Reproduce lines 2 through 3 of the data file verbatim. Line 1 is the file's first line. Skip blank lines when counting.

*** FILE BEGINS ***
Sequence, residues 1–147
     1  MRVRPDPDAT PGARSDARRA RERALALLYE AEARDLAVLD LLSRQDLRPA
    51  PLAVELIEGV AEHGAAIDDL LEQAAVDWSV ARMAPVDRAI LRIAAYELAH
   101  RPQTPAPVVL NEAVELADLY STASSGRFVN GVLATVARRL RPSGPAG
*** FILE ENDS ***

     1  MRVRPDPDAT PGARSDARRA RERALALLYE AEARDLAVLD LLSRQDLRPA
    51  PLAVELIEGV AEHGAAIDDL LEQAAVDWSV ARMAPVDRAI LRIAAYELAH